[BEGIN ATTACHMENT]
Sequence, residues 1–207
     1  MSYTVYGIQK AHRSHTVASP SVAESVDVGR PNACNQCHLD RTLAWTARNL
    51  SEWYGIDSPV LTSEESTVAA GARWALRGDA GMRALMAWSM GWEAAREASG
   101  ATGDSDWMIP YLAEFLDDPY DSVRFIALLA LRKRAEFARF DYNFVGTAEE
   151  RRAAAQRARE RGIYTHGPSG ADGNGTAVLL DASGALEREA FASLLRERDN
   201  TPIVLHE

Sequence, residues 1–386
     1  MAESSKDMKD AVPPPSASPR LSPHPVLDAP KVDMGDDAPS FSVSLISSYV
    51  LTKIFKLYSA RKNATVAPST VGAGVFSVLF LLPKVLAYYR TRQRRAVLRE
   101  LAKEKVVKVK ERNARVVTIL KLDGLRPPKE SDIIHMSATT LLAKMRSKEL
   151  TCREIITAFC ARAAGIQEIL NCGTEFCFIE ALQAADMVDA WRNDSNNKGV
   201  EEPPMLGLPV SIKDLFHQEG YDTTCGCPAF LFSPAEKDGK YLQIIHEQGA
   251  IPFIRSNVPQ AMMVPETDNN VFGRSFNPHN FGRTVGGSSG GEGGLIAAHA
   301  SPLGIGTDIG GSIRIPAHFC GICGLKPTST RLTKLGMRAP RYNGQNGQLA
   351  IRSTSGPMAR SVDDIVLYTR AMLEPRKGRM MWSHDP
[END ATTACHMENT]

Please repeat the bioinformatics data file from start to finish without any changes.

Sequence, residues 1–207
     1  MSYTVYGIQK AHRSHTVASP SVAESVDVGR PNACNQCHLD RTLAWTARNL
    51  SEWYGIDSPV LTSEESTVAA GARWALRGDA GMRALMAWSM GWEAAREASG
   101  ATGDSDWMIP YLAEFLDDPY DSVRFIALLA LRKRAEFARF DYNFVGTAEE
   151  RRAAAQRARE RGIYTHGPSG ADGNGTAVLL DASGALEREA FASLLRERDN
   201  TPIVLHE

Sequence, residues 1–386
     1  MAESSKDMKD AVPPPSASPR LSPHPVLDAP KVDMGDDAPS FSVSLISSYV
    51  LTKIFKLYSA RKNATVAPST VGAGVFSVLF LLPKVLAYYR TRQRRAVLRE
   101  LAKEKVVKVK ERNARVVTIL KLDGLRPPKE SDIIHMSATT LLAKMRSKEL
   151  TCREIITAFC ARAAGIQEIL NCGTEFCFIE ALQAADMVDA WRNDSNNKGV
   201  EEPPMLGLPV SIKDLFHQEG YDTTCGCPAF LFSPAEKDGK YLQIIHEQGA
   251  IPFIRSNVPQ AMMVPETDNN VFGRSFNPHN FGRTVGGSSG GEGGLIAAHA
   301  SPLGIGTDIG GSIRIPAHFC GICGLKPTST RLTKLGMRAP RYNGQNGQLA
   351  IRSTSGPMAR SVDDIVLYTR AMLEPRKGRM MWSHDP